Now imagine if could avoid brightening the image in post. One way would be to ‘brighten’ the image in camera, by, say, analog amplification. Imagine an analog amplifier between the sensor and the memory card. This amplifier would take the signal and boost it until it reaches the same luminance level we’d have applied in post, but it would deliver a significantly better SNR. Why would the SNR be better? Because only one of the noise components would be amplified (the random noise) and not the camera noise. This process is achieved via ISO on digital cameras. Instead of making the sensor more sensitive to light, we just amplify the signal being received.
There are many noise sources inside the camera. For the sake of simplicity, they are not all considered here. The overall effect presented here is more or less the same.
Sounds like ISO is good thing, then. Yes. Except that dialing up the amplifier gain, reduces dynamic range. It does that because the circuitry inside the camera, due to signal amplification, is operating at higher saturation then it normally would for that amount of light. It, therefore, has less headroom. So yes — ISO is good a thing — it helps us capture less noisy images in low light, but at the cost of dynamic range.
Now imagine a scenario in which there is no camera noise and the only noise we need to consider is the random noise. In this case, having the amplifier in the camera offers no real benefit and we can achieve in post-processing the same result we’d have achieved via in-camera analog amplification. That would allow us to take images without compromising the dynamic range and when we brighten them in post, the result effectively would be the same as if we had use ISO. That behavior is what we call ‘ISO invariance’.
Many high-end cameras on the market today are on a spectrum where some could be considered ISO invariant. There are many resources available online where photographers can learn more about the ISO behavior of their gear.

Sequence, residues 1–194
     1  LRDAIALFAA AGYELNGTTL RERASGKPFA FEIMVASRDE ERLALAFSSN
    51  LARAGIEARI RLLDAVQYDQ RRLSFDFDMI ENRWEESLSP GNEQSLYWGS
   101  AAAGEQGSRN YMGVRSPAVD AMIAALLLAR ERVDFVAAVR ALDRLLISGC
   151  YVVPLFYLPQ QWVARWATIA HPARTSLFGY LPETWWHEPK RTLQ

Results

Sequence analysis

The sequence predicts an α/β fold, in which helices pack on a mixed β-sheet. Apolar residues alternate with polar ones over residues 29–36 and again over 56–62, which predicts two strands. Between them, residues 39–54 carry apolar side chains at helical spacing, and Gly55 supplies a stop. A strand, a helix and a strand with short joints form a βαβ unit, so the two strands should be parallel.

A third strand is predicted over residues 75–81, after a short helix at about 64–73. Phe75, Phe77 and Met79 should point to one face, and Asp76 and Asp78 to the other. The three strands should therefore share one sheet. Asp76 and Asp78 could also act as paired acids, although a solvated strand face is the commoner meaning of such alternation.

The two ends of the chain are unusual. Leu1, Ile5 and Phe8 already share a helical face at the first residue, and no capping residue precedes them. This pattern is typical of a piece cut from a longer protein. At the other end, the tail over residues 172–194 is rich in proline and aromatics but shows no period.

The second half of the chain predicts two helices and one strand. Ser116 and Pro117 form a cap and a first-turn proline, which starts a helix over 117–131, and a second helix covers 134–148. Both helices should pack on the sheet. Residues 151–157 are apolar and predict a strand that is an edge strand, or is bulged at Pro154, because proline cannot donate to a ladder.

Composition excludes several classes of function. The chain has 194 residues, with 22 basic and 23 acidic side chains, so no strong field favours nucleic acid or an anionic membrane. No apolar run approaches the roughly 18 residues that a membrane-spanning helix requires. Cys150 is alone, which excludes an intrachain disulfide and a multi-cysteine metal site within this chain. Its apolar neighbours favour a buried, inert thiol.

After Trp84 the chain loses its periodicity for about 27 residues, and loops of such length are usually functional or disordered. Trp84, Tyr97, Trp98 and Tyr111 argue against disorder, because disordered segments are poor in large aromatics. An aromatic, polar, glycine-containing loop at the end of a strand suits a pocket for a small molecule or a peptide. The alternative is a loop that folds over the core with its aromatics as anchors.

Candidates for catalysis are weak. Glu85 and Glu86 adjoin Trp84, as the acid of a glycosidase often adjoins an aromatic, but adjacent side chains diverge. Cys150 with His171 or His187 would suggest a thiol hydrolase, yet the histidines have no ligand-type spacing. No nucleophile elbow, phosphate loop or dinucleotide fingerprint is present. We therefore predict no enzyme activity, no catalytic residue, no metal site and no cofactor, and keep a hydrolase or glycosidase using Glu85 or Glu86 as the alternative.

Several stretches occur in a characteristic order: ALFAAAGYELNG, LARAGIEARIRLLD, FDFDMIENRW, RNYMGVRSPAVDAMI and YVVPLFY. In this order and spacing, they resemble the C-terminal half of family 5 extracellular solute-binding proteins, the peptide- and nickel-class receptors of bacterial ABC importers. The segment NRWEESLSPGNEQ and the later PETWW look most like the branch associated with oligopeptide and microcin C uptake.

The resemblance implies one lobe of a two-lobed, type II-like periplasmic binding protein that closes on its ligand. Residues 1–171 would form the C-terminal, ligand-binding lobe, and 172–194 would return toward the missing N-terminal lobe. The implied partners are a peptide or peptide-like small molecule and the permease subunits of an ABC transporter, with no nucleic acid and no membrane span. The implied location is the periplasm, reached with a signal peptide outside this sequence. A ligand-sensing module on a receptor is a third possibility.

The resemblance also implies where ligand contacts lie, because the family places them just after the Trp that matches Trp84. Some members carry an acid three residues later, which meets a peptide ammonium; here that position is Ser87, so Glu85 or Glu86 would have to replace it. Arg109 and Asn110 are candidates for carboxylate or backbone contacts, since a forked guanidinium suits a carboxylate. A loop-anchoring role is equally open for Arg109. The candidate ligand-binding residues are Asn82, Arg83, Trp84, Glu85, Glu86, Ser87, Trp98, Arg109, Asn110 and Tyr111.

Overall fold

Another key thing to note is that many cameras have two types of amplification — analog and digital. The digital amplification is no different from what is done in post-processing and therefore offers no value and, on the other hand, significantly reduces dynamic range. The only reason I can see for using it is to generate an image preview in very low-light situations. The analog amplification is sometimes referred to as native ISO. Photographer using ISO invariant cameras should try to use the lowest value in the native ISO range that produces an image that can recovered in post. That might require some experimentation. Lowering the ISO will provide greater dynamic range, as discussed above.
And there you have it: ISO invariance can allow a photographer to preserve a significant number of stops of dynamic range in low-light scenes by using an ISO value that is 4–5 stops below what would be needed for optimal exposure and then making up for that gap by boosting the image in post-processing. As camera sensor noise performance continues to improve, it is possible to imagine a world with ISO-less cameras. And while that’ll certainly be bad news for the exposure ‘triangle’, it’s a development that photographers will certainly welcome.